Special needs adoption from a Jewish perspective.

Special needs adoption from a Jewish perspective.

Sunday, May 12, 2013

Almost Shavuot - A Mother's Day perspective

Shavuot tradition is the reading of the Book of Ruth.  The story begins with Elimelech, a man of the tribe of Judah and his wife Naomi, as the to to the land of Moab in search of food during a drought.  While there, the man and his two sons die, leaving Naomi and two daughters-in-law.   Naomi set about to return to Bethlehem, and instructed the young Moabite widows, Orpah and Ruth, to return to their families.  Neither wishes to leave their mother-in-law, but Orpah eventually relents and bids her farewell.  Ruth, on the other hand, refuses, and utters the sentence which is seen as the model for Jewish conversion:

טז  וַתֹּאמֶר רוּת אַל-תִּפְגְּעִי-בִי, לְעָזְבֵךְ לָשׁוּב מֵאַחֲרָיִךְ:  כִּי אֶל-אֲשֶׁר תֵּלְכִי אֵלֵךְ, וּבַאֲשֶׁר תָּלִינִי אָלִין--עַמֵּךְ עַמִּי, וֵאלֹהַיִךְ אֱלֹהָי.16 And Ruth said: 'Entreat me not to leave thee, and to return from following after thee; for whither thou goest, I will go; and where thou lodgest, I will lodge; thy people shall be my people, and thy God my God;
יז  בַּאֲשֶׁר תָּמוּתִי אָמוּת, וְשָׁם אֶקָּבֵר; כֹּה יַעֲשֶׂה יְהוָה לִי, וְכֹה יוֹסִיף--כִּי הַמָּוֶת, יַפְרִיד בֵּינִי וּבֵינֵךְ.17 where thou diest, will I die, and there will I be buried; the LORD do so to me, and more also, if aught but death part thee and me.'

(Ruth is also the model for a Jewish convert insofar as Naomi pushes her away several times before agreeing to take her back to Israel with her.  Unlike proselytizing religions, Judaism does not see conversion as a goal in itself.  The convert must initiate the process and pursue it in spite of opposition.)

At this point, Naomi relents:

יח  וַתֵּרֶא, כִּי-מִתְאַמֶּצֶת הִיא לָלֶכֶת אִתָּהּ; וַתֶּחְדַּל, לְדַבֵּר אֵלֶיהָ.18 And when she saw that she was steadfastly minded to go with her, she left off speaking unto her.

The verb used, מִתְאַמֶּצֶת, shares a root with אֹמֶץ (courage), מַאֲמָץ (effort) and אִמוּץ (adoption).  Judaism places a great emphasis on the shared familial heritage (patriarchs and matriarchs), and in a real sense, all Jews are felt to be an extended family.  Conversion into Judaism, then, is a form of adoption into this family.  Where Christianity sees religious conversion (being "born-again") as a model for adoption, Judaism sees adoption as a model for conversion.  Judaism also recognizes the courage and effort that are intrinsic to this process.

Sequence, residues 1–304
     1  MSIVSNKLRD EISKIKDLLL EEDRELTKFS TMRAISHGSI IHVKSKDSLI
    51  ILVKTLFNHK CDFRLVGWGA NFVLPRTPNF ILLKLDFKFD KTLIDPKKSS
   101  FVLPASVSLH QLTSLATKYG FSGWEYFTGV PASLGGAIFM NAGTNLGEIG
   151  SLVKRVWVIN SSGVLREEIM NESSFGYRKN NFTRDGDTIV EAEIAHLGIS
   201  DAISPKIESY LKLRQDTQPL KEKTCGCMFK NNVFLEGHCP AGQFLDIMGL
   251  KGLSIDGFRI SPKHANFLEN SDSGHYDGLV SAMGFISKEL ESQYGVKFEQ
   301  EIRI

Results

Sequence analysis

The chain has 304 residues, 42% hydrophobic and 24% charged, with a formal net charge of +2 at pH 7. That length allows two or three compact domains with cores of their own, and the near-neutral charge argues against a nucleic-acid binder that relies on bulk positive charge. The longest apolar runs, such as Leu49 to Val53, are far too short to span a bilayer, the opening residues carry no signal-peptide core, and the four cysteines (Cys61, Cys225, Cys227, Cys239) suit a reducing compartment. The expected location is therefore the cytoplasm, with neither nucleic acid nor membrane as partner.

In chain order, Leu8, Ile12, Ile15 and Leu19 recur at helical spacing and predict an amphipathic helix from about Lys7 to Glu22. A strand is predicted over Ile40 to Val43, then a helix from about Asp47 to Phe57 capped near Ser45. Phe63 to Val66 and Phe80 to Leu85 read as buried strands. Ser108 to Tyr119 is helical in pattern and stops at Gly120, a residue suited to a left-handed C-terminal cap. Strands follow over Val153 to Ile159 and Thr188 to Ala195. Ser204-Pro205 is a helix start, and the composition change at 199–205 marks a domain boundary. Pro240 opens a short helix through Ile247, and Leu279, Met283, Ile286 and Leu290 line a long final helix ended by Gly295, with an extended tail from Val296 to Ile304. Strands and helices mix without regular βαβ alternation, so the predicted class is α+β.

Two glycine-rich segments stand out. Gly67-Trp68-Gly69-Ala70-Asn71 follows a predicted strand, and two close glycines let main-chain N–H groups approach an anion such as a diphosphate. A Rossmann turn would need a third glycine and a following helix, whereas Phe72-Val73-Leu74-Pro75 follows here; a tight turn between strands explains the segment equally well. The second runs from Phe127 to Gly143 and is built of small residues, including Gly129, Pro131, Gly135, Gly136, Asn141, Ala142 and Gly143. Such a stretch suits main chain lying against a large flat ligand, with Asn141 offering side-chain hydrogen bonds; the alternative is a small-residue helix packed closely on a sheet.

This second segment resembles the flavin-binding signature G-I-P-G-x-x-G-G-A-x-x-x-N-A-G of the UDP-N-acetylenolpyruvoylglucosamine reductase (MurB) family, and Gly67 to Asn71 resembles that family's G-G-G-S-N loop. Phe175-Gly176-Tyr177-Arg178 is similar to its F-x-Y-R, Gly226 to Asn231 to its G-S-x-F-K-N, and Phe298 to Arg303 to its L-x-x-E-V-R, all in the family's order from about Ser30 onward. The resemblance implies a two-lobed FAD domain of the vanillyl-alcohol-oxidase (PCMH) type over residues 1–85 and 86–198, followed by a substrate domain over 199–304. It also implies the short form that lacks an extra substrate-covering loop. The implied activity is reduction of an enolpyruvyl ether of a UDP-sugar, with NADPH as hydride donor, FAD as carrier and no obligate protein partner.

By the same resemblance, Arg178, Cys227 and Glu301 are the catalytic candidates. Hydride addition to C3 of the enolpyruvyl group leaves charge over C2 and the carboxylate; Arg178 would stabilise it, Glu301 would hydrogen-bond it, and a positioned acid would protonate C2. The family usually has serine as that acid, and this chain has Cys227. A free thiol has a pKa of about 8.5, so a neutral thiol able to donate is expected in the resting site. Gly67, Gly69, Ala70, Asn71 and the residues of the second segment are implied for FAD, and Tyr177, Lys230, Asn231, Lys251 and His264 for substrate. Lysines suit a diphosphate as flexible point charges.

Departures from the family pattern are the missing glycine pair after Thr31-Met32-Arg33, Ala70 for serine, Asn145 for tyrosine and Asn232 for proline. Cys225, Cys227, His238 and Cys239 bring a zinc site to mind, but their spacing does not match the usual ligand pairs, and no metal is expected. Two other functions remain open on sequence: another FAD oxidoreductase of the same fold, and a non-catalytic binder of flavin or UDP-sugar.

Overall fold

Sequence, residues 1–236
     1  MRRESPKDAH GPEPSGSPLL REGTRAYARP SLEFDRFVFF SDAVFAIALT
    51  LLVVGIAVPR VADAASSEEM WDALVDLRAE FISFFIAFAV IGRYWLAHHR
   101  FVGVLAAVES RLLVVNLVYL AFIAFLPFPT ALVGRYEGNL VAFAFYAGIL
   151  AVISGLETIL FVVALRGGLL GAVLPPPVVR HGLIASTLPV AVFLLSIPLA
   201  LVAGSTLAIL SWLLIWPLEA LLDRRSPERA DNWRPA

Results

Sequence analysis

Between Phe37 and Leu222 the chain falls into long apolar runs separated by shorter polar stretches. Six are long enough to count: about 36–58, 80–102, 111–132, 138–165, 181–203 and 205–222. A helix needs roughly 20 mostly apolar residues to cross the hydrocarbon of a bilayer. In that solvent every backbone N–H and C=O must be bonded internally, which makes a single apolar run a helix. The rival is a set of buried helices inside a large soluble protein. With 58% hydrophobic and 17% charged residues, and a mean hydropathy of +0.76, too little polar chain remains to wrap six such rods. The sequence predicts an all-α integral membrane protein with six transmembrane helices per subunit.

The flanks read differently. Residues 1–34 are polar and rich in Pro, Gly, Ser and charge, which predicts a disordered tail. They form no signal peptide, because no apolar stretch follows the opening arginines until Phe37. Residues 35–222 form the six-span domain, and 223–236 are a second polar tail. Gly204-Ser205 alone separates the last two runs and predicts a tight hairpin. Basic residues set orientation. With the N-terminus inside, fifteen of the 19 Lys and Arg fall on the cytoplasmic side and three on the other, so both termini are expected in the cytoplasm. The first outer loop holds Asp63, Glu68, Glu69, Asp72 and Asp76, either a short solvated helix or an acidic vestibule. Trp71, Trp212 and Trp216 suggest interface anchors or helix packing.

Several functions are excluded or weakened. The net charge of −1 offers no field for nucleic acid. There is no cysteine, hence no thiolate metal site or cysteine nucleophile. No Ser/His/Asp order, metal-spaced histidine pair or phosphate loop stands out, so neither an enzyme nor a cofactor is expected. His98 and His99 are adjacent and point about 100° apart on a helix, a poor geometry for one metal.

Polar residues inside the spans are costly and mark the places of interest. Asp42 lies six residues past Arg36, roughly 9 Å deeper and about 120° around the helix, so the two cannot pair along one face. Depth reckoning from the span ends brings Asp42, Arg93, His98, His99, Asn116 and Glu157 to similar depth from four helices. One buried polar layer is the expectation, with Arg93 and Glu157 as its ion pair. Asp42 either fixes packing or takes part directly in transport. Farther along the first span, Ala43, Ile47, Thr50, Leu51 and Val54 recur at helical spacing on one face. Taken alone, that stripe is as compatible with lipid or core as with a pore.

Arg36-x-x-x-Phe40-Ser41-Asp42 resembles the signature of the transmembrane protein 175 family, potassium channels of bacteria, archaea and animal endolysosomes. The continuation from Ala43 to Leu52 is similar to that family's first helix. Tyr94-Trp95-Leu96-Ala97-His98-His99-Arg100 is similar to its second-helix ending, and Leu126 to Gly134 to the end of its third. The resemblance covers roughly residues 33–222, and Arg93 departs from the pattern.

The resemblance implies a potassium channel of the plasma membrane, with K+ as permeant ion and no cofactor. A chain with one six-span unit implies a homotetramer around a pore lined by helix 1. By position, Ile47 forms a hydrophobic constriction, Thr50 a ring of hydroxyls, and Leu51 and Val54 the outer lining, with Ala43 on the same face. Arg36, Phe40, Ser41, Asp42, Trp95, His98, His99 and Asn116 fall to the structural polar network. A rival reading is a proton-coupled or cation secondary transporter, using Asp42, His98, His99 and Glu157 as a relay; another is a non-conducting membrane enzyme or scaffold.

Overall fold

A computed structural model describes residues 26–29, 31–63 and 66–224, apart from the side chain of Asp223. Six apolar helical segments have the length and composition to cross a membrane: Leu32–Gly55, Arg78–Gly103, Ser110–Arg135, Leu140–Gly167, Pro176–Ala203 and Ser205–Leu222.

The story of Ruth continues with her encounter with Boaz, a kinsman of Elimelech.  Again, we see the balance between his sense of family obligation, honor, and charity as Boaz facilitates Ruth and Naomi to glean in his fields without being harassed by the regular laborers.  Also, when Ruth entreats him to take her as a wife, he hesitates, pointing out that there is a "closer kinsman" who would take precedence to marry Elimelech's son's widow.  Only when this other man begs off does Boaz in fact marry Ruth, who then bears Obed, who will be the grandfather of King David.  Naomi helps take care of this child as her own, giving her comfort to ease the pain of her two lost sons.  Naomi the mother has come full circle.

Twice, then, we see keeping blood lines together as the "Plan A" -- Naomi urges Orpah and Ruth to return to their families, and Boaz seeks a "closer kinsman" as husband for Ruth.  It is recognized that adoption is not the ideal - the ideal would have been for the original families to have stayed together.  So much pain was caused for the individuals involved!  So much brokenness!

However, it is out of this brokenness - with much courage and effort - that the lineage of King David was established.

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